The best moments in The
Mountaintop, Katori Hall’s two-hander about the last night of Martin Luther
King Jr.’s life, are surprises. So you won’t read too much here about the
climactic monologue that has me convinced Angela Bassett just won the Tony
Award, nor why David Gallo’s set and projection design work is more complicated
and wondrous than would first appear.
The worst moments of The
Mountaintop, however, are far from surprising, chief among them Samuel L.
Jackson’s performance as MLK. Despite the fake nose and padded paunch, this is
a classic Jackson performance, albeit in a more restrained key and with an
occasional Southern accent.
To be fair, perhaps Jackson is just feeling the constraints
of his character more than Basset, who acts him off the stage as the Lorraine
Motel’s flighty maid Camae. Jackson has to retain King’s gravitas—even as he
flirts incorrigibly with Bassett—while Camae gets to do everything from curse a
blue streak to put on King’s blazer and deliver a rousing speech about the future
of the civil rights movement. Hall provides Bassett with a lot, and director
Kenny Leon ensures that Bassett makes a banquet out of it all.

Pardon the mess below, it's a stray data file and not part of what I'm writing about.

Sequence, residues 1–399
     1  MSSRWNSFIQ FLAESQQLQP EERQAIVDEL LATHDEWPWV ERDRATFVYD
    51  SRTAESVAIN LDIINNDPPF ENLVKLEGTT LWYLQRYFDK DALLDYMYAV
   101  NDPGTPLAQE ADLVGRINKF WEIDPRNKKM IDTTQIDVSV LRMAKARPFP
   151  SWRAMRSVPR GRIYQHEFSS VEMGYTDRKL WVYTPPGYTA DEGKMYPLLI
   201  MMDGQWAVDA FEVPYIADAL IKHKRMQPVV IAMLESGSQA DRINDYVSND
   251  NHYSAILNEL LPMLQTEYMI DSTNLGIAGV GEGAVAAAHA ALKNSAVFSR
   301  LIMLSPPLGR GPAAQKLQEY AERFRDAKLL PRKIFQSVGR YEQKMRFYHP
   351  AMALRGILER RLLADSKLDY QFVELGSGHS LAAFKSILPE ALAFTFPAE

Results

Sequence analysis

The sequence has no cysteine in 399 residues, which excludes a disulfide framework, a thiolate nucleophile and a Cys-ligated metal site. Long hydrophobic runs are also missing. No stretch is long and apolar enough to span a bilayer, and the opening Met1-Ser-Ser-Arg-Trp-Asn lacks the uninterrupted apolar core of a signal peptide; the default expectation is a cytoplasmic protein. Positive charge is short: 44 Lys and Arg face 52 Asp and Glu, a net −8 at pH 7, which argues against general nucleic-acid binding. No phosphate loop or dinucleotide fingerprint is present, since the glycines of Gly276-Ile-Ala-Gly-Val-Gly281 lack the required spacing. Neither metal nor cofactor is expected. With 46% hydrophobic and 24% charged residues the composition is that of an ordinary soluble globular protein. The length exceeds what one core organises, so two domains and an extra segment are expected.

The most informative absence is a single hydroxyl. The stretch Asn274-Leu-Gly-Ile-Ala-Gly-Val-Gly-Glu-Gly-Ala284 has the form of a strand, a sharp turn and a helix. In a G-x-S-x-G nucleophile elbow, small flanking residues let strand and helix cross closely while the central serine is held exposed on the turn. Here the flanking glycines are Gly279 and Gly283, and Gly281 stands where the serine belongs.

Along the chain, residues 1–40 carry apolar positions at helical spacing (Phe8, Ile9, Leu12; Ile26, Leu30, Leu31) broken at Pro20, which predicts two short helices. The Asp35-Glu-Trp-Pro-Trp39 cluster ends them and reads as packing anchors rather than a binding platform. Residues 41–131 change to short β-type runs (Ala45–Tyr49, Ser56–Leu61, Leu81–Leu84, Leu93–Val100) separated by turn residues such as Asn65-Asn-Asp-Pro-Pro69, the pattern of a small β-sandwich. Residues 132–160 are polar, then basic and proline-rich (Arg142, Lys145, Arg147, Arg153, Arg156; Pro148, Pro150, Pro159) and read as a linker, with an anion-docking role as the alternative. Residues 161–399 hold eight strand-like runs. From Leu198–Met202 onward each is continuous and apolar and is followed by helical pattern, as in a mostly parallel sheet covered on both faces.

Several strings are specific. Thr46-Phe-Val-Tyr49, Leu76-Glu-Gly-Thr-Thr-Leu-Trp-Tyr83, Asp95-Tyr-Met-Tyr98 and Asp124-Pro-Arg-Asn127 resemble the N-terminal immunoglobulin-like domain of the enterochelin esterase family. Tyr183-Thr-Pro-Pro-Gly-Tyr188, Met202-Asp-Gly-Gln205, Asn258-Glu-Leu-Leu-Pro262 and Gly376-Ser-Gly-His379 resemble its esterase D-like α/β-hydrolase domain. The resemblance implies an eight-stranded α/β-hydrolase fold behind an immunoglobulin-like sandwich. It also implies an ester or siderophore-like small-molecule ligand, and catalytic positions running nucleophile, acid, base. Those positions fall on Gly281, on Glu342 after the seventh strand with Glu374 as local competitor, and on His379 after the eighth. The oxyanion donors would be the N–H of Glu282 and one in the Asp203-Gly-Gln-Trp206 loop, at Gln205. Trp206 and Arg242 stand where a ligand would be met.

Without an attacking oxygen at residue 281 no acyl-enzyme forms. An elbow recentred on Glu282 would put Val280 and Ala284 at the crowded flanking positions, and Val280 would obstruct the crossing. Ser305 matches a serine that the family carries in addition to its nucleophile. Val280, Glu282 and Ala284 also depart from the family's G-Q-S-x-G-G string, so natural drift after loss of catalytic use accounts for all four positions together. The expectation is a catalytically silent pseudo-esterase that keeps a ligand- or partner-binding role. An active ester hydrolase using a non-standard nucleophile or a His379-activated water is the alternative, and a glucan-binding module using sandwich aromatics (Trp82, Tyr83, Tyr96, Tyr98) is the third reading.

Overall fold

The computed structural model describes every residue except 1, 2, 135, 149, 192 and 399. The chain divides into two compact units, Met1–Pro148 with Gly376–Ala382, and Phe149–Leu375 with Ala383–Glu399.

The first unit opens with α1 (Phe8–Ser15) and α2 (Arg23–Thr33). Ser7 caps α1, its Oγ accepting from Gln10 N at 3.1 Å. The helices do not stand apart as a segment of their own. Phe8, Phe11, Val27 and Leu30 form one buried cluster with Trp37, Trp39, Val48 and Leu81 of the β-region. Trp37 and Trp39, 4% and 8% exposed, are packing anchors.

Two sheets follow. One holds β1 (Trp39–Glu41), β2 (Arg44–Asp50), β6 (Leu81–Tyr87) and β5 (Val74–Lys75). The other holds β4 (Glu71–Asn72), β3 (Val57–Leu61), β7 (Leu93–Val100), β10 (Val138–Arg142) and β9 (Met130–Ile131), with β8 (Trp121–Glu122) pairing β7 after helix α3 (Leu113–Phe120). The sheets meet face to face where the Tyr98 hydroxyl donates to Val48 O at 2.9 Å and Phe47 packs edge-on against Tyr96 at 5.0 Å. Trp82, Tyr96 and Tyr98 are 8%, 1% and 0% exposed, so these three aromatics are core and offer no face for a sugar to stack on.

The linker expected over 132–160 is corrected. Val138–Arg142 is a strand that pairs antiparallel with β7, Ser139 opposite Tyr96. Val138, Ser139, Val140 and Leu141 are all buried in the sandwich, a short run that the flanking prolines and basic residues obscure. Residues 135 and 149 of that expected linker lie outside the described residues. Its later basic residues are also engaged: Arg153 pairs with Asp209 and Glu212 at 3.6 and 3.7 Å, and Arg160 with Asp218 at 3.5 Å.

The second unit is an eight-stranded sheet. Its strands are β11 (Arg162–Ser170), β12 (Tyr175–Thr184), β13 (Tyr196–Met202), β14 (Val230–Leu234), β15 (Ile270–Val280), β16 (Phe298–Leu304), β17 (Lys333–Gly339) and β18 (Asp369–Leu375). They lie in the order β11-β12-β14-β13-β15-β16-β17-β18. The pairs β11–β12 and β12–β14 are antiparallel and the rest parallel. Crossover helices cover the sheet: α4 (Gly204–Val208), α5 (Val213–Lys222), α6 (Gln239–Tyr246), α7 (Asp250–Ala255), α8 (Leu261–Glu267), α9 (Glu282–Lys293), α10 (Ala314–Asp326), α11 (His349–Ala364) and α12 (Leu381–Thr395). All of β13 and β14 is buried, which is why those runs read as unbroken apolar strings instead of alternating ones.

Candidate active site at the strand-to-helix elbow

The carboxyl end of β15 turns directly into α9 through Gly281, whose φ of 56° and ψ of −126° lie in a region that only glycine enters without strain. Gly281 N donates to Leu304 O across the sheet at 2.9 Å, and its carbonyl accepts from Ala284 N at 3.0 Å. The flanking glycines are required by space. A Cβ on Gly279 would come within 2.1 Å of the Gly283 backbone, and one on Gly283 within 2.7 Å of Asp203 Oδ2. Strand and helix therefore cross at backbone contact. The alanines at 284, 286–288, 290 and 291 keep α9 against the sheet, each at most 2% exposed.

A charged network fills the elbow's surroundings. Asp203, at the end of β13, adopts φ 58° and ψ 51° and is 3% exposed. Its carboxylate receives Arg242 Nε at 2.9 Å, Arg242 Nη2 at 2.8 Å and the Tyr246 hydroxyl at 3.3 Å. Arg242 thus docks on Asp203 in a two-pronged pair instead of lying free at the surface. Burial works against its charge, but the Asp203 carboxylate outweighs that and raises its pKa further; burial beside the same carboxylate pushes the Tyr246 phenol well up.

If The Mountaintop
tends to lag at the three-quarter mark as Hall’s story takes a magical realism
turn, the powerful, penultimate scene more than compensates, as Bassett’s
performance and Leon’s direction meld into one perfect unit. Unfortunately,
this isn’t a play about Camae, and so Hall can’t end the play with her. So
Jackson steps forward to deliver one last sermon, calling out to the audience
as the house lights turn on. The effect, though rousing, feels as if we’ve been
tricked into attending church, as Jackson does his best impression of a
Southern minister. That’s ultimately the difference between Jackson’s pretty
good performance and Bassett’s transcendent one: He’s doing an impression of a
character, and she’s inhabiting a person, complete with physical tics and an
innate speech pattern. The Mountaintop may be an imagining of Martin Luther
King Jr.’s final night, but it’s Bassett’s maid that we really care about by
Through Jan. 15, 20120, Bernard B. Jacobs Theatre, 242 W.
45th St. (betw. 7th & 8th Aves.), www.themountaintopplay.com; $75–$130.